Textbook Notes (368,832)
Canada (162,194)
Psychology (1,899)
PSY345H5 (68)
Chapter 11

Ch. 11: Autism Spectrum Disorders

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Stuart Kamenetsky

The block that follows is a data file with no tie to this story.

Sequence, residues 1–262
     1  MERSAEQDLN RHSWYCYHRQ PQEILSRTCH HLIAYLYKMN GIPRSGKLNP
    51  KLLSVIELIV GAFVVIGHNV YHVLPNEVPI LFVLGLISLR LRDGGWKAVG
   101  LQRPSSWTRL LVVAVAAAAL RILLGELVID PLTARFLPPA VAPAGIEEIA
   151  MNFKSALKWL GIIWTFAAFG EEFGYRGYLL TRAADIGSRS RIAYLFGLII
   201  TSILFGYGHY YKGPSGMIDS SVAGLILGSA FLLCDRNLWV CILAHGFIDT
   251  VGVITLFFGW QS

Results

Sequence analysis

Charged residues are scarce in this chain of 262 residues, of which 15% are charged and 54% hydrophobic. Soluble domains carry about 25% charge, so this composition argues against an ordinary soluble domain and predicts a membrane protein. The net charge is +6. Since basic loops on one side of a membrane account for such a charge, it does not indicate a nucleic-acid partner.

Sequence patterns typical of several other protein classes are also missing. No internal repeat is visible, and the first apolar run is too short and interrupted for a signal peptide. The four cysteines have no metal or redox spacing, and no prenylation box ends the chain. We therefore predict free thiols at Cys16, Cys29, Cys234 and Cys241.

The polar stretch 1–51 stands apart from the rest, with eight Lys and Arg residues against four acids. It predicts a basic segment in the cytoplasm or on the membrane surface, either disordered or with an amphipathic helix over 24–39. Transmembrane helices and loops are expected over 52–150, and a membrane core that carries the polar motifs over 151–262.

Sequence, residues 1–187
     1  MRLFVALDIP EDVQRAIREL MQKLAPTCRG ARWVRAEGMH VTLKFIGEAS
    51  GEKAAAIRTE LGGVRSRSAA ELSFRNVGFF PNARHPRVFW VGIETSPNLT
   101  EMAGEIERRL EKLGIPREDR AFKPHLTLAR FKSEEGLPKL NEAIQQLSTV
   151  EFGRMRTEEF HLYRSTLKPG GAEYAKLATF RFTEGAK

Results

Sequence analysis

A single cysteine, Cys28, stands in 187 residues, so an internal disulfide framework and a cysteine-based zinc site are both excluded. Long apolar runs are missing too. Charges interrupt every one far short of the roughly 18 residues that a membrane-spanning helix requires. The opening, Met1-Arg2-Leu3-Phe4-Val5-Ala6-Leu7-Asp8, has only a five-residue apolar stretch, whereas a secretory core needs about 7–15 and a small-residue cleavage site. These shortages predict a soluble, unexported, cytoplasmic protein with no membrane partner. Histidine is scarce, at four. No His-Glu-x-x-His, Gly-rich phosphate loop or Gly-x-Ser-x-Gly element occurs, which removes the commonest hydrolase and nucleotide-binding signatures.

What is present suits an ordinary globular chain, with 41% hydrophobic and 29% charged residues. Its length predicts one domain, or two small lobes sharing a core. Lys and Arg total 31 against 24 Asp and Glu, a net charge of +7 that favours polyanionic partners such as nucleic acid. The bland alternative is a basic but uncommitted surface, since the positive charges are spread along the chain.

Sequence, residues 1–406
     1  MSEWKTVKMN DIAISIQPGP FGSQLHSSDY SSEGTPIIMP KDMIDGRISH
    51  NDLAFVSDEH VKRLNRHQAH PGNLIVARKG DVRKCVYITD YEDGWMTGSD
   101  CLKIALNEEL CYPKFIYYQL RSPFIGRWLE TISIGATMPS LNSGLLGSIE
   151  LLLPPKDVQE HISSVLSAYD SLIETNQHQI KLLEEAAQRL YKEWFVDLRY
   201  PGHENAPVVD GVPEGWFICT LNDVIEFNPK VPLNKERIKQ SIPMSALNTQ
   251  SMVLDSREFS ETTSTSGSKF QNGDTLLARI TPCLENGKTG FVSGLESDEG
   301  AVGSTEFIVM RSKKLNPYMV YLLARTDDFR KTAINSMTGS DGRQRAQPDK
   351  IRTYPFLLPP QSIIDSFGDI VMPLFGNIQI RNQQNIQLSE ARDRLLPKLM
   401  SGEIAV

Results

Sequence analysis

Ch 11 Autism Spectrum Disorders Definitionterm autism taken from the Greek meaning of self Autism disorder with onset prior to age 3 characterized by extreme withdrawselfstimulation intellectual deficits and language disordersfederal regulations also note that a diagnosis of autism should not be used in cases were children show characteristics of serious emotional disturbance attention to autism recent 19911992 school year first year that data was collected on Autism people with autism not all alike Autism Spectrum disorder the range of functioning in multiple skill areas found among those with Autism disorder Asperger Syndrome a condition that shares unusual social interactions and behaviors with autism but includes no general language delaysome contend that Aspergers is the same as Autism just higher on the Autism spectrum Rett Syndrome neurological condition primarily affecting girls who develop normally until about 5 to 30 months of age when their skill dev Slows and in many cases regresses Prevalencecompared with other conditions autism is relatively rare males outnumber females autism some attribute this gender difference to females with autism being less socially aberrant than males making them difficult to identify prevalence rates for autism vary depending on methodology geography and medicationsCharacteristics unusual behaviors often appear very early in the lives of children with autism spectrum disordersex Significant impairment in interpersonal interaction children with autism spectrum disorders are often described in termof social impairmentsunresponsiveness extreme difficulty relating to others difficulty in understanding or expressing emotion and lowered ability to regulate affect Impaired or delayed language children with autism often exhibit impaired or delayed language development Approx half do not develop speech and those who do often engage in strange language and speaking behavior such as Echolalia a meaningless repetition or imitation of words that have been spoken Stereotypic Behavior although not always present behavior of a selfstimulatory nature is often associated with autism spectrum disorders These children may engage in physical forms of stereotypic behavior or Stereotypy Behavior or stereotypy involving repetitive movements such as rocking handflicking or object manipulation sometimes termed selfstimulationmay provide sensory info or for others a sense of organizationcan be dangerous if the movements are damaging like head banging often found in low functioning children Resistance to change in routine intense resistance to change or rigidity is often mentioned in discussion of children with autism routines obsessively important oftenitems must be arranged in a symmetrical fashion to seem proper to the child with autism spectrum disorder
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